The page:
“A video in the ad shows the president’s face superimposed on a sun, with a voiceover pulled from various sources,” CNBC reported. “‘It’s morning in America. Donald J. Trump is still president of the United States,’ the video says. Flowers rise from the ground and open to faces, who scream, ‘NOOOO!’ as the smiling president, now also a hummingbird, flits around.”

According to reports, those ads are not currently being run. They are, however, visible in Facebook’s ad library as pre-approved ads, which means that in order to have met Facebook’s rules for election week ads, they had to have been run at some point before now. As a result, some outlets claimed the messages appeared to be the Trump campaign’s way of getting around the ban.

Despite having previously approved the ads and even letting them run at some point, a few hours after media reports about the technical issues began to surface, Facebook told reporters that it would be removing the “vote TODAY!” ads.

“As we made clear in our public communications and directly to campaigns, we prohibit ads that say ‘Vote Today’ without additional context or clarity,” the company said in a statement.

However, a spokesperson also told CNBC Facebook would not take down the ads where Trump claimed he was “still your president” because regardless of the election outcome, Trump will still be president until Jan. 20.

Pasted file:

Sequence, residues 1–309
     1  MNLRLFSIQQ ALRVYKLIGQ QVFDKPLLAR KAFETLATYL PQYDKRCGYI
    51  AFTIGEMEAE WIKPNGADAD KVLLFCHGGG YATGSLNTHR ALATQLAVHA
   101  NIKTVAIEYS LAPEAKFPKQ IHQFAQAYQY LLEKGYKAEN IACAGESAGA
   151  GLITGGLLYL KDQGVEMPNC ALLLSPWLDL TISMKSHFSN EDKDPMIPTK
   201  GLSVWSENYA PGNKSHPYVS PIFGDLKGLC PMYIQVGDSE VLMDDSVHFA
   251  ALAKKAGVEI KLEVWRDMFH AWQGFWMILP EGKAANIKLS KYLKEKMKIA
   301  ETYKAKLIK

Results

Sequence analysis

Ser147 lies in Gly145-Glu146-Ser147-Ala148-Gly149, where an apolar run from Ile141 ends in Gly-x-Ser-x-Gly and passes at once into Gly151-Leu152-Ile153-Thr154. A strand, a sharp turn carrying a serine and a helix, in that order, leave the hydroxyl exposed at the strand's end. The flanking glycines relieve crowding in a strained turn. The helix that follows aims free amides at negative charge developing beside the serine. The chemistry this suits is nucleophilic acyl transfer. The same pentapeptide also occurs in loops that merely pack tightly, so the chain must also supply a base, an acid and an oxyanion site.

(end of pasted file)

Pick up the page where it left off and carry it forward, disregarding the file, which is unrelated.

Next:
In a statement, Trump’s Deputy National Press Secretary Samantha Zager condemned Facebook for removing the “vote TODAY!” ads and accused the company of censoring political messages to sway the election in favor of Biden.

“This is election interference at the hands of the Silicon Valley Mafia, and it is dangerous for our democracy,” she said.

See what others are saying: (The Washington Post) (CNBC) (Reuters)

Continue Reading

Politics

Amy Coney Barrett Sworn In As Newest Supreme Court Justice. Here’s What Comes Next

Published

on

  • On Monday, Amy Coney Barrett was officially sworn in as the new justice on the Supreme Court, ending a highly contentious partisan battle just a week before the election.
  • In the weeks following the election, the new justice is set to hear several landmark cases, including the most recent challenge to the Affordable Care Act (ACA) and another lawsuit that involves LGBTQ discrimination protections.
  • Many critics have expressed concerns that Barrett will push the court to overrule the ACA and try to roll back LGBTQ protections based on her previous public statements and personal views.
  • As soon as the end of this week, the Supreme Court will also decide whether or not to hear two election-related cases regarding mail-in ballots extensions in key battleground states.

Barrett Appointed to Supreme Court